the categorical category of data. These types of data can generally not be ranked, but can be put into

categories. Another common piece of categorical data we often see is color. Color cannot be ranked generally.

However, in our term project we found an exception to this property when we compared the frequency of

colors by assigning numerical values to the colors we observed in our data. This now qualifies as quantitative

data. Quantitative data has the ability to be observed and ranked by their numerical properties. Common data

sets within our quantitative category are heights in inches, time in seconds, and weight in pounds. These things

can easily be ranked, organized, and further calculated.

Graphs needed to display these two categories of data are not created equally as well. Certain graphs

and charts are better than others for the job at hand. For instance, with categorical data, pie charts work

wonders to offer a visual aide representing percentages of the data when applicable. Other simple forms of

charts work well, depending on the data in question. A data set of preferred car manufacturers in the state of

Utah could be displayed by a bar graph; where each bar represents a car make, and the vertical axis displays

numbers (in percentages) of preferred vehicles by Utah drivers input in the data set. Quantitative data can be

well displayed on a variety of different charts and graphs. Favorable formats would be boxplots, stem and leaf

plots, as well as frequency histograms. The important thing to note here, is that depending on what you want

to emphasize, you can pick a graph/chart accordingly to display your data. You should pick the chart that

displays your data in the easiest way to read and comprehend. In the charts I made, my favorite for the

quantitative data in our term project would be the frequency histogram for the color of candies and their

frequency distribution.

1800

1634

1580

1600

1523

1466

1408

1400

1350

1292

1233

1200

1174

1114

1054

1000

Skittle QTY

994

934

873

812

800

751

690

629

600

567

505

443

400

381

319

256

200

192

128

64

0

64

64

64

64

63

62

62

62

62

62

61

61

61

60

60

60

59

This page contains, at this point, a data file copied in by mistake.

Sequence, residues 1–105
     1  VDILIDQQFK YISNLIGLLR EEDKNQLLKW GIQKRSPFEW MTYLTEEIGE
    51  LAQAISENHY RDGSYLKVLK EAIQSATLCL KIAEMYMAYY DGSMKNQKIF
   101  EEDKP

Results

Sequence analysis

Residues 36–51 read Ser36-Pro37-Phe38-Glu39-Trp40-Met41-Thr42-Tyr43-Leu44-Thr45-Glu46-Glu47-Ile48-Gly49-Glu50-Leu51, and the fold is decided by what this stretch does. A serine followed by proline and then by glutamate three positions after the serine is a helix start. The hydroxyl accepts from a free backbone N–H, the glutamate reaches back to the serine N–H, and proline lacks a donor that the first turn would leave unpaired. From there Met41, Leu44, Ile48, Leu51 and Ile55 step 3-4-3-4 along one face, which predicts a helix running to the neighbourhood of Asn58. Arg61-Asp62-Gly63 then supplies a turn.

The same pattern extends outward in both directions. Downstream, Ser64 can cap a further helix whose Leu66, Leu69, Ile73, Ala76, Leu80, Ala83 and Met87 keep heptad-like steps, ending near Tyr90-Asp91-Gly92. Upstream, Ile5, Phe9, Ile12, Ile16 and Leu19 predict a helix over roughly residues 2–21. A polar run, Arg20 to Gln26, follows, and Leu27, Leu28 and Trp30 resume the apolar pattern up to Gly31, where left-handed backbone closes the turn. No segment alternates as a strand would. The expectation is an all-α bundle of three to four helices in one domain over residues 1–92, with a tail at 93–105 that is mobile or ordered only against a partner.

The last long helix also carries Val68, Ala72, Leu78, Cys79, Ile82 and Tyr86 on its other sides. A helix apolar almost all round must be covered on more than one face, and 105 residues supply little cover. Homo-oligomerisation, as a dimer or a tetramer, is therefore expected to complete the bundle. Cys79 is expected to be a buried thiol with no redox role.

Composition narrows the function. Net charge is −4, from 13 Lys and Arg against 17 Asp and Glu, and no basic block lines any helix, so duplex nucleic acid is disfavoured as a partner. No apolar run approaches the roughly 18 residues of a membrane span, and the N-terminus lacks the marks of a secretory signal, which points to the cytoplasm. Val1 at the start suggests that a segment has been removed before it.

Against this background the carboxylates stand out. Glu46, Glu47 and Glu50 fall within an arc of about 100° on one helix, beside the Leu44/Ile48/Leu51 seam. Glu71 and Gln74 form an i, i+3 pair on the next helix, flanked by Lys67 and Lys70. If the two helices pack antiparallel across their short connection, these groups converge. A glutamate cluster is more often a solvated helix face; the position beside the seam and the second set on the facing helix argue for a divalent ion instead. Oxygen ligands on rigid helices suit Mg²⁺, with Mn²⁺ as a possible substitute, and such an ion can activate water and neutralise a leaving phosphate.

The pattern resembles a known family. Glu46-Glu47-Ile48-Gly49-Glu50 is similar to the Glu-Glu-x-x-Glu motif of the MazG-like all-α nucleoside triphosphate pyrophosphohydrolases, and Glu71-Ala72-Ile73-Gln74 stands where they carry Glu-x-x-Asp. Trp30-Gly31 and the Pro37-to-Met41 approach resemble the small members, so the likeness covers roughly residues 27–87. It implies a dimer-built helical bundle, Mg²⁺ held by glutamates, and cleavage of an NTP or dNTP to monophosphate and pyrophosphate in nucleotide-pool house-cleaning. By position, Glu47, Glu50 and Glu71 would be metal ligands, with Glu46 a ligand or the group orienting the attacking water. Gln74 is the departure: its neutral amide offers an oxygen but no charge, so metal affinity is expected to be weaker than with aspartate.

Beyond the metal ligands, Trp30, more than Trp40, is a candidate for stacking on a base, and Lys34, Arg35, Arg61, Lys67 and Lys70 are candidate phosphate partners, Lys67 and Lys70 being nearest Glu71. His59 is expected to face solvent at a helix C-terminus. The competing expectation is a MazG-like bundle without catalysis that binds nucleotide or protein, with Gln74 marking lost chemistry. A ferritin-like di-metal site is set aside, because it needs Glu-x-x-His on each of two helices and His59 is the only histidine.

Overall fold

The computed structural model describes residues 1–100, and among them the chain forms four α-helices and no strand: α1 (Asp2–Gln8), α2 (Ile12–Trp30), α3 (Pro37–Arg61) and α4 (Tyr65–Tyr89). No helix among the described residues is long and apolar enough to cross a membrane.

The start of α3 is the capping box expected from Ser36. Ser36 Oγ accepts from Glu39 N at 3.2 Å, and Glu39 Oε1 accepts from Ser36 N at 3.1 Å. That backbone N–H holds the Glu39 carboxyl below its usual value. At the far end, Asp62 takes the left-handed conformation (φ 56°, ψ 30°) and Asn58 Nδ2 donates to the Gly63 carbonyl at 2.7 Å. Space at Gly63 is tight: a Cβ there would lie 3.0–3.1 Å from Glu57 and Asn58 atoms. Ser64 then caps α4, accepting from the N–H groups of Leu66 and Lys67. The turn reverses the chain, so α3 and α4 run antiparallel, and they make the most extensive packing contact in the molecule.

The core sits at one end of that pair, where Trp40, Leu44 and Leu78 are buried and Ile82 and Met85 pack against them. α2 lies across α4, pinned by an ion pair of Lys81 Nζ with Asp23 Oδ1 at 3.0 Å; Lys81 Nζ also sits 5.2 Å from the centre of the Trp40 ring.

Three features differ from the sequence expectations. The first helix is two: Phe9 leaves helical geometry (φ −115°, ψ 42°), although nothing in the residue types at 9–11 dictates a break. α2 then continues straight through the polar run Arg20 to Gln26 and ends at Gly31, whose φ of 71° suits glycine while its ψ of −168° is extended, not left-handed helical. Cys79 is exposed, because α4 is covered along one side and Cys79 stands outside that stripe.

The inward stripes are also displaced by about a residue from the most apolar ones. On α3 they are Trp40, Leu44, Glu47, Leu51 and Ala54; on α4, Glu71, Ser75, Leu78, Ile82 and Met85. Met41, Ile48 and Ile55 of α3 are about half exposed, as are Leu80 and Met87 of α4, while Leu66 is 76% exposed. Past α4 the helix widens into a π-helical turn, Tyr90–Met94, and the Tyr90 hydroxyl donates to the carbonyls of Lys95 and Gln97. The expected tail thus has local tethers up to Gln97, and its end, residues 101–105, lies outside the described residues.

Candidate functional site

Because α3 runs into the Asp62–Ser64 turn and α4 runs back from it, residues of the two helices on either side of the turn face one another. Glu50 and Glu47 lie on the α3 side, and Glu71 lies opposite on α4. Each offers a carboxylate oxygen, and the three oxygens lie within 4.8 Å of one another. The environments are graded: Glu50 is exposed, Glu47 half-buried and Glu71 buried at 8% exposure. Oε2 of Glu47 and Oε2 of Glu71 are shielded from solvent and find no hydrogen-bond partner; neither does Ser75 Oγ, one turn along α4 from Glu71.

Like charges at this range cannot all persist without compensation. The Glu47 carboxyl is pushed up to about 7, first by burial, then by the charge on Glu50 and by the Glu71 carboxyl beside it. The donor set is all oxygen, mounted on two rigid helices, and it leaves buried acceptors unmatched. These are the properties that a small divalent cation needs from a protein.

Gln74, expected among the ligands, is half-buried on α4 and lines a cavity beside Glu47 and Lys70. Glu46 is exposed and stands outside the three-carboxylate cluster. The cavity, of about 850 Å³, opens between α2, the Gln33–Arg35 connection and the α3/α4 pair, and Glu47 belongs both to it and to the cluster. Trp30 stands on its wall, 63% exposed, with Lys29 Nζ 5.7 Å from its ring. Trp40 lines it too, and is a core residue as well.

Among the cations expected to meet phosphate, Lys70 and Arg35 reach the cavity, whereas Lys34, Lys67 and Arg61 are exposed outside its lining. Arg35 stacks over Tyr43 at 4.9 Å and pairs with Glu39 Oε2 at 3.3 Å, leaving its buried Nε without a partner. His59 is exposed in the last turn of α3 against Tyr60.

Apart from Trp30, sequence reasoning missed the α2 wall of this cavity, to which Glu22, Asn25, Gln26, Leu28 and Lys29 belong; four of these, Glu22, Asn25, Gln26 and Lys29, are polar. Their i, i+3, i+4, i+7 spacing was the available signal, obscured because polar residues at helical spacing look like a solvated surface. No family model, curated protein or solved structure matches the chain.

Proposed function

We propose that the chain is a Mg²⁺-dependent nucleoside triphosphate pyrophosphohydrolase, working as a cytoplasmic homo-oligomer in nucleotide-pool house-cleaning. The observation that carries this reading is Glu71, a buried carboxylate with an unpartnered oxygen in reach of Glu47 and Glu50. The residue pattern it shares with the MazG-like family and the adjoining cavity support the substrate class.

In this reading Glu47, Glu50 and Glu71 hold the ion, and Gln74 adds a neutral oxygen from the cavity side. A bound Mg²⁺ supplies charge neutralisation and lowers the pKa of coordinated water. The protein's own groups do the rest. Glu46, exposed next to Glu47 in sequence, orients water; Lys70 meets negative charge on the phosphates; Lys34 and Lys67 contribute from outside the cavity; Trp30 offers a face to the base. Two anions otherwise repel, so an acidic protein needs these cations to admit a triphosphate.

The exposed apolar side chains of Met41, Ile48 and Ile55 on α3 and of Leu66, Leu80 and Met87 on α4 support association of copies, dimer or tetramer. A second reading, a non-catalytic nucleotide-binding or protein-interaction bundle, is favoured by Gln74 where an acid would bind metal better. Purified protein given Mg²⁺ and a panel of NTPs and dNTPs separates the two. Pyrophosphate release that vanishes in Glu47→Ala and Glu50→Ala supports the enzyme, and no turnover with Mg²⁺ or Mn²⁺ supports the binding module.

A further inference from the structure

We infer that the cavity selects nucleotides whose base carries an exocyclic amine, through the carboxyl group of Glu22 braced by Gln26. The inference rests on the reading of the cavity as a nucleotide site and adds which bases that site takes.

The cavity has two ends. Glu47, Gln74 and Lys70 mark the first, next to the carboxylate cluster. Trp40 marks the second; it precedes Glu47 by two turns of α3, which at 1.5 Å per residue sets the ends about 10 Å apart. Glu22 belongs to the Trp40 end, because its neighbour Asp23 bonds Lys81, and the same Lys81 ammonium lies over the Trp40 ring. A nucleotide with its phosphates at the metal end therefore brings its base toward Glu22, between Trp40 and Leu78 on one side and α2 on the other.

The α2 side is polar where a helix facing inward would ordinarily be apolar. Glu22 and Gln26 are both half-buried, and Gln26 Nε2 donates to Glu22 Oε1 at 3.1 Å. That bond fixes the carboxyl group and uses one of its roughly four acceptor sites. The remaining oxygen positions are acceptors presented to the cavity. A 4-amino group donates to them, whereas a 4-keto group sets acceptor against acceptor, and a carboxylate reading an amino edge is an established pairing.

59

58

58

57

57

54

CM DR VC

JB

JB

AA

QL

JL

JM DP

PA

EB ND TM EH

AC

AL

DP NV YA

CC

KF MR KS

LC

RS

NR

61

61

60

58

# Each Bag

Cum. Freq.

A confidence interval helps us to gauge the probability that a specified population parameter will occur

within 2 set values. Within inferential statistics, 95% and 99% are the most commonly used confidence

intervals. To explain this better, a good way to look at our confidence intervals is to imagine a sample of data

that was all collected using the same methods. For this example we will use our 95% confidence interval.

Examining this data we would want to calculate the upper and lower limits of the population parameter that

we would expect to see 95% of the time. These calculations can be performed with the formulas mentioned

below.

Construct a 99% Confidence Interval Estimate for the true proportion of yellow candies.

Yellow candies x=321 Total candies n=1634

=

321

=

= 0.196

1634

Critical Value = 2.575

(1 )

= /2

= 2.575

(. 196)(.804)

1634

= .025

Proportion: 0.171 < p < 0.221

First we were asked to construct a 99% confidence interval estimate for the true proportion of yellow

candies. Our "p hat" represents the percentage of candies present in our sample = .196.To discover the margin

of error we used the appropriate confidence interval from Z Score table A-2 to find 2.575. The margin of error

found for this sample and confidence was = .025. The interval equation is simple, merely subtract and add the

margin of error to the p hat to discover the lower and upper limits of the interval. This revealed the true

proportion of yellow candies to be .171<p<.221. This interval describes that the occurrence of yellow candies

based on our collection would find between 17% and 22% yellow candies in random samplings of skittles.

Construct a 95% Confidence Interval Estimate for the true mean number of candies per bag.

n = 27

Degree Free = 26

s = 2.5

x = 60.5

= /2

= 2.056

2.5

27

= 0.989

59.5 < < 61.5

We then were asked to construct a 95% confidence interval estimate for the true mean number of

candies per bag. To find the t critical value I consulted t-Critical values chart A-3 to find 2.056. The margin of

error was found using this critical value = .0989. The interval equation is similar to proportion (shown above) in

that we are looking for the upper and lower limits using the margin of error with our mean or x bar. X bar =

60.5 so our interval revealed the true mean to be 59.5< < 61.5. This tells us that from our data that we are

95% confident that any random bag of skittles will have a true mean of somewhere between 59.5 candies to

61.5 candies per bag.

Construct a 98% Confidence Interval Estimate for the standard deviation of the numbers of candies per bag.

n = 27

Degree Free = 26

(1) 2

2

(26)2.52

45.642

s = 2.5

< <

(1) 2

(26)2.52

< <

12.198

. < < .

The final step in calculating inference intervals for our project was to construct a 98% Confidence

Interval estimate for the standard deviation of the number of candies per bag. Our project standard deviation

was 2.5. While referring to table A-4 in our text, we found the Chi Square Distributions to be 45.642 (right) and

12.198 (left). Using these critical values we were able to use the formula required for computing the standard

deviation interval, revealing 1.88< <3.65. This tells us the upper and lower limits for the standard deviation